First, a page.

How do you see peace, love, and unity coexisting with sex, drugs, and rock and roll? Or can they?
To a degree, sex, drugs and rock 'n' roll and peace, love and unity could coexist. I am now in a real world where I don't know how drugs, sex, and rock and roll couldn't exist. I think that was the initial problem [with the '60s]. Certain people had predetermined connotations with sex, drugs and rock 'n' roll that were bad, when really sex is love, drugs are mind-expansive opportunities and rock 'n' roll is the anthem of the whole damn thing. I think they can coexist, and I think they are one and the same in a lot of ways.
Or maybe if sex, drugs, and rock and roll were guided by peace, love, and unity...
Exactly. Well put. Rock 'n' roll music these days has probably lost a lot of that, which is really upsetting, but it still exists. It's just a little more dormant.
You talk about drugs as being mind-expanding. As for cannabis, do you believe in the medical benefits it appears to have?
Yes. Absolutely yeah. I'm a supporter of legal marijuana. I think it's a positive thing, even in the realm of hemp, too, which would be beneficial. If we could use these things correctly, we probably move forward into the 21st century, you know what I mean?
Absolutely. You already mentioned the beatniks, and the band has called literature an influence. What are some of the literary building blocks that helped shape your worldview?
My father, who has a bachelor's degree in philosophy, always had these books around so naturally we were drawn to what was inside. It would be authors like [Friedrich] Nietzsche and Jean-Paul Sartre, and later I got into Allen Ginsberg and Aldous Huxley and Ernest Hemingway and [John] Steinbeck and [Henry David] Thoreau and [Ralph Waldo] Emerson, and then I moved into mad literature like Hunter S. Thompson. Fuck, even National Lampoon, you know? We were surrounded by really challenging thoughts.
In addition to music and literature, you personally have a deep love for theater. In what ways has stage acting helped you as a live performer and songwriter?
Hopefully it helps me translate thoughts and emotion. It's a communication [tool] in the form of really free expression. If I had to speak on it, really, I'd have to say a lot of life could use a lot more of that. And maybe [life could use] less war, too, for Christ's sake!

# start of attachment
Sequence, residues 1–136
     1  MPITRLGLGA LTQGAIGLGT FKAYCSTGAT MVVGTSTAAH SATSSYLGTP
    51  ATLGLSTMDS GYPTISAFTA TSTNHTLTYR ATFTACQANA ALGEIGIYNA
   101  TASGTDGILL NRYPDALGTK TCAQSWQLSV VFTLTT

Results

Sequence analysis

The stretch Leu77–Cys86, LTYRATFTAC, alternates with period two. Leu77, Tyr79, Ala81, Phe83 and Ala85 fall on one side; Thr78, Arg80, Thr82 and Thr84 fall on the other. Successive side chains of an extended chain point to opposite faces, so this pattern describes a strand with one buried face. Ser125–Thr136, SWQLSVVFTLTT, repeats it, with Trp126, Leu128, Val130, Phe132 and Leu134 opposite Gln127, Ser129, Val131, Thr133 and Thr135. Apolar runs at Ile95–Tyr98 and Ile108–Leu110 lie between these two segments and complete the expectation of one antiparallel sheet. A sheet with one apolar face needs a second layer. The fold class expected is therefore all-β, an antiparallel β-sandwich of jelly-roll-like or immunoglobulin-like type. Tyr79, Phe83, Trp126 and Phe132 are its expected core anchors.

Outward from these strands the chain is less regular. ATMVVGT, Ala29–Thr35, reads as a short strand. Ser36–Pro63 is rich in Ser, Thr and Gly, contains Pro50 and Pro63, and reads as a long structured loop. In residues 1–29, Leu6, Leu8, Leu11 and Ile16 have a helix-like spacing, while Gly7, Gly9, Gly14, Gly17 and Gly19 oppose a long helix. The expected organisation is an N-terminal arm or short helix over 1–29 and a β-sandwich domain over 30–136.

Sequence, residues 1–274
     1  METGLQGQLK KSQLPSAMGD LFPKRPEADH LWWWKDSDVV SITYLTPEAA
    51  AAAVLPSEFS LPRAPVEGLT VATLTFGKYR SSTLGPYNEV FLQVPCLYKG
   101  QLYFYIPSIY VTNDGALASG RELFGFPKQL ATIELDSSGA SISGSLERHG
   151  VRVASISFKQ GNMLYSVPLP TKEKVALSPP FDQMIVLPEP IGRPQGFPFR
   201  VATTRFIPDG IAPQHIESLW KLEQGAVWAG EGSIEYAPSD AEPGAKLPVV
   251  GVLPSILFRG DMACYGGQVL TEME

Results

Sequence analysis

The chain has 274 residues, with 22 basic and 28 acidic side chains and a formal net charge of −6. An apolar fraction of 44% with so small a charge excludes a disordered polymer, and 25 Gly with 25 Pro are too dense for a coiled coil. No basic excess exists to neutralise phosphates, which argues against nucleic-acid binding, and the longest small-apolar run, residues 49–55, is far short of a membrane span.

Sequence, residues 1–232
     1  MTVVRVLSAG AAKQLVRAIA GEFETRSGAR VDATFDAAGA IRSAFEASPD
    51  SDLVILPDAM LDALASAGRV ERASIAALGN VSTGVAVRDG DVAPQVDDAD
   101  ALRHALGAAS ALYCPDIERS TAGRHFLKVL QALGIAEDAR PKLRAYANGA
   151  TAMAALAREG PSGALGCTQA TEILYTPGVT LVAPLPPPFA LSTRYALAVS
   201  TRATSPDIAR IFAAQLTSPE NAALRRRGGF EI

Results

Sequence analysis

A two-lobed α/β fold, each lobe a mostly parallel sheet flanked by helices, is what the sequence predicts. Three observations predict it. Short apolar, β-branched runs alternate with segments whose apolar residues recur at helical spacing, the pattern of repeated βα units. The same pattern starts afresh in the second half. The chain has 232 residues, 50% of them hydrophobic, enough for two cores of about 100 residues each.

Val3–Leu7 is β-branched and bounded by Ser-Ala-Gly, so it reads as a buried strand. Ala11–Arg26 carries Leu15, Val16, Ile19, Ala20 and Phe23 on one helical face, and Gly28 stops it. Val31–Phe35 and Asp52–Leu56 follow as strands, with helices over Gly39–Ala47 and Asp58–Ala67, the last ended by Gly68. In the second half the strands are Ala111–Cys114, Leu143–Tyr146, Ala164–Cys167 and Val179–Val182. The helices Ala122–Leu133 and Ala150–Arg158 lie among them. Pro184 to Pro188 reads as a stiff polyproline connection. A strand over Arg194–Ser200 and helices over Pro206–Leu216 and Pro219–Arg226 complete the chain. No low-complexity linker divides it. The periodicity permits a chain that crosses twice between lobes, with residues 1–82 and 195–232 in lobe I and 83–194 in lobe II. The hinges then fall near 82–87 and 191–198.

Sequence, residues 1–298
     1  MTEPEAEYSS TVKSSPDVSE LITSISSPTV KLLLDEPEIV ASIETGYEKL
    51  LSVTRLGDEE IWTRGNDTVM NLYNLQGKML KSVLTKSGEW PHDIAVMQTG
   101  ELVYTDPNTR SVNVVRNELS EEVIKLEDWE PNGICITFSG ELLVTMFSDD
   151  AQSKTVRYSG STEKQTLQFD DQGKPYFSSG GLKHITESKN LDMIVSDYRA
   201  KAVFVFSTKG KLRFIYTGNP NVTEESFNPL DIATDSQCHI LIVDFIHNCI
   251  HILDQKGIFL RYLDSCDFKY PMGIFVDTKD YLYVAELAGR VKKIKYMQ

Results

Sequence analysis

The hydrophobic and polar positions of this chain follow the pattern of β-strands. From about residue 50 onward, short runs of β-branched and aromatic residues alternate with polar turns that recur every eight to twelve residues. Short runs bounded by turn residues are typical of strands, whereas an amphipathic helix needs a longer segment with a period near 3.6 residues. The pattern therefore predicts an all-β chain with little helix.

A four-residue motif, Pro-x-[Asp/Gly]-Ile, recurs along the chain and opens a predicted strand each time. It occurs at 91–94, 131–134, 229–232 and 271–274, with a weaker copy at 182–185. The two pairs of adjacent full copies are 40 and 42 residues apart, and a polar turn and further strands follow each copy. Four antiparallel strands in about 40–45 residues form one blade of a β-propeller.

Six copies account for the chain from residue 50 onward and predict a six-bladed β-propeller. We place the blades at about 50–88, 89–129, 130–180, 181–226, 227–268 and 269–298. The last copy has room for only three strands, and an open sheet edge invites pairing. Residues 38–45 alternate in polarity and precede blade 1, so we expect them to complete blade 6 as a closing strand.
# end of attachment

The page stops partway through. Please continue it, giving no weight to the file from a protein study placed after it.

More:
Your parents let you play in bars as early teens. In what ways did this environment shape you as an artist and as a teenager growing up?
Our friends would go to the movies or something on the weekends, and we would be at the bar… and not because of a drinking problem but because of a music problem. Luckily our parents were very supportive and would take us into bars at like age 14, and we'd even play biker gigs. I remember four or five of them where we'd be in the middle of the woods in northern Michigan with these scary dudes wearing leather. You drive in, they have a pig roast and a giant bonfire, and we have to get up on a stage. Our parents were really accommodating, but those weren't things you're normally exposed to at that early of an age.
What stage are you at with the full-length album?
It's hard to say. At this point, there's been a good amount of recording. I'd like to think the album is close to being completely recorded. Granted, there are some things that have been in debate, and there are so many options as to what we're moving forward with in terms of the selection and arrangement of the songs. We are near the end phase, but I think we're looking at a late spring release.
The last question is a heavy one. If you were to write a song for the students of Marjory Stoneman Douglas High School in Parkland, Florida, what would you want to say?
That's a great question. The amount of gun violence that's been happening in the last years has been really disturbing and concerning to the greatest degree. I think it'd be a song full of sorrow and probably full of confusion as to why that kind of hatred has to take the lives of innocent children. God bless 'em.
I was just meditating on this the other day. Maybe it's like the war of peace. We have to try over and over and over to try to create a peaceful world to live in. We have to look back constantly on the lessons of history and why it didn't work, and continue to find a way to make it work.
David Jenison (email@example.com) is Editor-in-Chief at PRØHBTD. Photo credits: Michael Lavine and Ford Fairchild.